Mitchell Land ( Ph.D. University of Texas) serves as director of the Mayborn Graduate Institute of Journalism at the University of North Texas in Denton and is founder of the Mayborn Literary Nonfiction Writers Conference of the Southwest. His research has been published in the Howard Journal of Communication, Journal of Communication, Critical Studies in Mass Communication, African Urban and Rural Studies, Judicature, the Business Research Yearbook, Journalism & Mass Communication Quarterly and African Technology Forum. He also is a contributor to John Merrill and Arnold S. de Beer’s Global Journalism and is author of "Status of Media in French-Speaking West Africa" (published in the Encyclopedia of International Media and Communications).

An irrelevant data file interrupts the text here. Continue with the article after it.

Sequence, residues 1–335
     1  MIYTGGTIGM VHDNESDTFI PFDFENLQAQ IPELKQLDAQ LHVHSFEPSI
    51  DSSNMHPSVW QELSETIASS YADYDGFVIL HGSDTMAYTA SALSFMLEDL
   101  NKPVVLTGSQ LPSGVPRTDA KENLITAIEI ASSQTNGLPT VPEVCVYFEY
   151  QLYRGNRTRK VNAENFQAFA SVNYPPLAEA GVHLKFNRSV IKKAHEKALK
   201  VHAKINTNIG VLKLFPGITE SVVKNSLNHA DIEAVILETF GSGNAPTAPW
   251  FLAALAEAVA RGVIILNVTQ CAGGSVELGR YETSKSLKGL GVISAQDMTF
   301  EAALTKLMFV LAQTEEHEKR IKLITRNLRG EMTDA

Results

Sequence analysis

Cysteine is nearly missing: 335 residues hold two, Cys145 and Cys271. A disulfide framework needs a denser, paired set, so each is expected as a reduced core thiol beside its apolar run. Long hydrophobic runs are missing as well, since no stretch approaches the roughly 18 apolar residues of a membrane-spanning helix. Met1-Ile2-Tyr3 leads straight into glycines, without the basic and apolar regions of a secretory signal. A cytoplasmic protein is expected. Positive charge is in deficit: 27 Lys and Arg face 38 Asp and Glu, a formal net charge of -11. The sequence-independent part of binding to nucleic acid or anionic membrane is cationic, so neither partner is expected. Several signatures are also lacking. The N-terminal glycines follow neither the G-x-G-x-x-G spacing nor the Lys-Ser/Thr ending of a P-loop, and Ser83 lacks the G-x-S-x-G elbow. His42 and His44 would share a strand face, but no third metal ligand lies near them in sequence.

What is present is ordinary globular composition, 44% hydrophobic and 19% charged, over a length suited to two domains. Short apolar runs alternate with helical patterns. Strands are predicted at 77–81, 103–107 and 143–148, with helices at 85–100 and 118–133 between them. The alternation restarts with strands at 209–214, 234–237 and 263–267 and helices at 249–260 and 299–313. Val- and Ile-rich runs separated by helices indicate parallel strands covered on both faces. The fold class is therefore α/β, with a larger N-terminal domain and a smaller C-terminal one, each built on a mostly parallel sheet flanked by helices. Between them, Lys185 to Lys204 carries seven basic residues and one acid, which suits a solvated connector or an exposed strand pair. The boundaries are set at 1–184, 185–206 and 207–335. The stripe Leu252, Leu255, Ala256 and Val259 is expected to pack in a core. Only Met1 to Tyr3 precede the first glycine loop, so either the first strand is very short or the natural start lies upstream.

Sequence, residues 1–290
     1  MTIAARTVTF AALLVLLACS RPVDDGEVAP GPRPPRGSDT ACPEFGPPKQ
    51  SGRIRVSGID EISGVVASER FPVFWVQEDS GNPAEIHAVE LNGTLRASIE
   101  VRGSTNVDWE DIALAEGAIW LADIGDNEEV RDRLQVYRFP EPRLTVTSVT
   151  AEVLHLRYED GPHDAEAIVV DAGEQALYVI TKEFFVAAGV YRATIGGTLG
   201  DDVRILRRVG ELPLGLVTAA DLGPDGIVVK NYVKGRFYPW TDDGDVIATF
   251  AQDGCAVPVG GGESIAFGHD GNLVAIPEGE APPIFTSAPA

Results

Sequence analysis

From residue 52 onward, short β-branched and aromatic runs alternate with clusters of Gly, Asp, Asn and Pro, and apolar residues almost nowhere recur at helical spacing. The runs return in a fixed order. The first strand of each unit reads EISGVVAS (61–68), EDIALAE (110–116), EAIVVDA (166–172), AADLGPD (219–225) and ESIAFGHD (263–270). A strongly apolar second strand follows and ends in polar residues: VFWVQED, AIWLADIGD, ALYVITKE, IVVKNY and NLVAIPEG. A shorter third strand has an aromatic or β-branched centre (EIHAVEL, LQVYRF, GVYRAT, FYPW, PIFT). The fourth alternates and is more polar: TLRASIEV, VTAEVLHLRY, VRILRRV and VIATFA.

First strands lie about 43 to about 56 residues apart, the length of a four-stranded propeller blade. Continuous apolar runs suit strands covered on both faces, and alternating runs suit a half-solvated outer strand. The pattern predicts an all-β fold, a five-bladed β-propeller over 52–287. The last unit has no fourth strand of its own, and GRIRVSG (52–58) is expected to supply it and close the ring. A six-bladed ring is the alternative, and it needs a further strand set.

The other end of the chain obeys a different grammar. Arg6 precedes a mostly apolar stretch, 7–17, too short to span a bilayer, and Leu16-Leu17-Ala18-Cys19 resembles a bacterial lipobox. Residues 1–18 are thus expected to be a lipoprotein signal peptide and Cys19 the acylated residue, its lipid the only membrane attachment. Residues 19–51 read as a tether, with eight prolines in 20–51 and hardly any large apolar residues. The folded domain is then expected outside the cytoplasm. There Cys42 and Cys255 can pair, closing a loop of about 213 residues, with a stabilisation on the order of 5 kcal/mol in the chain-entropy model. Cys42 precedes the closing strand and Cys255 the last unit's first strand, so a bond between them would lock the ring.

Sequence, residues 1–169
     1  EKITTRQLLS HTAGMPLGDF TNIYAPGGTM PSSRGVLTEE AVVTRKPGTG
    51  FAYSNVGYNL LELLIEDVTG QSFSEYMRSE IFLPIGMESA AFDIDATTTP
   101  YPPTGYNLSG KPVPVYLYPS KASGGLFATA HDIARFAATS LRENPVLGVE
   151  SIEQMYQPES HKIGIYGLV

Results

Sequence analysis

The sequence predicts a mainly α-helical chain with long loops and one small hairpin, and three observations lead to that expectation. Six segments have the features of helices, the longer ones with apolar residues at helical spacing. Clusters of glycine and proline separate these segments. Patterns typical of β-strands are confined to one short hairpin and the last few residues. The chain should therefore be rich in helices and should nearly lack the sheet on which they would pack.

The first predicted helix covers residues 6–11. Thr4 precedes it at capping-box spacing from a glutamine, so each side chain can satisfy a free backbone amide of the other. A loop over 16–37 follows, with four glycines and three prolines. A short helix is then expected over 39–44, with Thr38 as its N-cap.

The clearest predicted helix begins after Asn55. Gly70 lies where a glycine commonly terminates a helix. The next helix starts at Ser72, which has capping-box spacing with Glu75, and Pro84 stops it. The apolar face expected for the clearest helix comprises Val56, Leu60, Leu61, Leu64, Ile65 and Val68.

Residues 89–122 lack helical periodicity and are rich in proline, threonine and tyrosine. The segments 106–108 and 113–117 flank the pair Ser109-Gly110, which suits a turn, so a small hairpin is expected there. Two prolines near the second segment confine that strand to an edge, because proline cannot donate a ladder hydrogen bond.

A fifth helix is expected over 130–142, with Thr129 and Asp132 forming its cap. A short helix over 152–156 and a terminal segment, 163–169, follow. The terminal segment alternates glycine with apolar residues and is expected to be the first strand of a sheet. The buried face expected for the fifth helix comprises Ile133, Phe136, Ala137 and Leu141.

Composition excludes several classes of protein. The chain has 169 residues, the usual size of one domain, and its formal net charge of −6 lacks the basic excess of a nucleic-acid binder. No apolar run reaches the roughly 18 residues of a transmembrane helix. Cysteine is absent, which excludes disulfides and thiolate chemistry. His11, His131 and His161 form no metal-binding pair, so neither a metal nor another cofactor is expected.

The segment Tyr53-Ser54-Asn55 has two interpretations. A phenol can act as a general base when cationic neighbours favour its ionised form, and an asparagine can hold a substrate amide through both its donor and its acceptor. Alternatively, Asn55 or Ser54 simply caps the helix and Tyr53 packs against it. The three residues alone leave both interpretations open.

Glenn Leitz graduated from Washington State College (now called Washinton State University) with a degree in agriculture in 1952. He served two years in the Army before returning home to take up a career in farming. After retiring, Glenn began to pursue an interest in the area’s pioneer history and became active in a number of historical organizations. He currently is president of the Southeast Spokane County Historical Society. Glenn has researched and written about local history and has written stories for a number of regional historical publications. He also is author of two other books: Spring Valley: Its History and A History of Waverly.